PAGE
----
Reviving a Cheetah
There’s only so much that cable companies can squeeze capex, so it’s only natural that they have been turning their attention to opex. That puts a premium on making sure operations are running efficiently. Meanwhile, intensifying competition means always having to say you’re sorry for the slightest of glitches (don’t even mention outages), which also puts a premium on operational efficiency.
Some industry veterans intend to take advantage of those trends to revive a Cheetah.
Cheetah Technologies, founded in the 1980s, developed technologies to monitor RF performance in cable networks. In 2000, Acterna bought out the company. In 2003, Tollgrade bought the operation from Acterna for $14.3 million.
Last year, a handful of cable vets banded to buy the Cheetah line from Tollgrade for the fire sale price of $3 million. Stephen John, who helped set up Charter Communications’ business services operation, is the CEO. Steve Santamaria, formerly with Charter and with Vyyo, is executive vice president. Earl Hershey is chief architect, and Jim McCall is vice president of operations.
The old Cheetah product is installed with most of the major MSOs, John said, so they’ve bought themselves an instant installed base. Currently, Cheetah can keep on top of RF parameters and signal-to-noise, for example, as well as some IP attributes such as delay and jitter.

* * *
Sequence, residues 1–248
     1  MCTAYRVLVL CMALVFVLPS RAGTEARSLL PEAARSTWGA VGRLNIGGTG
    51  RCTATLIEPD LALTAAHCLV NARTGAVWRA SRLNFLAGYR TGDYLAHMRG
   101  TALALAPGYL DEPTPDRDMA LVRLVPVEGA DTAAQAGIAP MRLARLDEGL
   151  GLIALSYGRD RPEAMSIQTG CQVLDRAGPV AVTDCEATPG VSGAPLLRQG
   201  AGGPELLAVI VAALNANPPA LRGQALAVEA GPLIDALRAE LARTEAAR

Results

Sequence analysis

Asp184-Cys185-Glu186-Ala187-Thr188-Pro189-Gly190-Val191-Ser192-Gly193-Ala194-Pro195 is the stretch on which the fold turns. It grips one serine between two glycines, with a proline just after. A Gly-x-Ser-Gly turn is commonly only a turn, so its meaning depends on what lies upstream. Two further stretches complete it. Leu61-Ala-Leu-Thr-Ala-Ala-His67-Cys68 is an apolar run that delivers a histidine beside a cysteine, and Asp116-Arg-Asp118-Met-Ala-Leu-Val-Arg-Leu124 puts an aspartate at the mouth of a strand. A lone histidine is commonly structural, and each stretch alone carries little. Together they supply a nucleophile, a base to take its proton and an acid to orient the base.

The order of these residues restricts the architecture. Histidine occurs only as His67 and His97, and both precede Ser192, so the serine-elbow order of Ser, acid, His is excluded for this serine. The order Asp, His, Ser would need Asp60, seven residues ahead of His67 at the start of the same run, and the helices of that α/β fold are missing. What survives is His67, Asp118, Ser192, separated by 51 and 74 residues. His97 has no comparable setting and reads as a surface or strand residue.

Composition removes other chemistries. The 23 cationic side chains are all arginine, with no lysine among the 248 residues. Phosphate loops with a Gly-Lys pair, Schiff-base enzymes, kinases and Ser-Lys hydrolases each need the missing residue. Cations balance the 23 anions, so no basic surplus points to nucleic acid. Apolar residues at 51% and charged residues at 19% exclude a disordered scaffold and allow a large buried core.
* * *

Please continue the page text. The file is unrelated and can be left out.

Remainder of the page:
Last week, the once-again independent Cheetah Technologies snapped up video quality monitoring technology from Symmetricom for a modest $2.5 million.
So the new Cheetah guys just paid bargain basement prices to get two operations that weren’t doing much in isolation, but at a conceptual level have the potential for complementing each other.
Symmetricom has developed a highly sophisticated means of evaluating video quality – without a reference, John noted – and then scoring video quality.
The company intends to start correlating the data it gets from its Cheetah status monitoring systems with the QoE monitoring systems from Symmetricom. Ideally, they’ll be able to get to the point where they’ll be able to pinpoint the source of problems.
Operators are eager to know precisely what is going on in their networks, John explained. “The top five or eight, they’re all doing their own work with correlations.”
The goal is to not only be able to monitor the network, but also to connect with the back office systems so that an operator will be able to detect changes in network conditions and know which specific customers might be affected by those changes.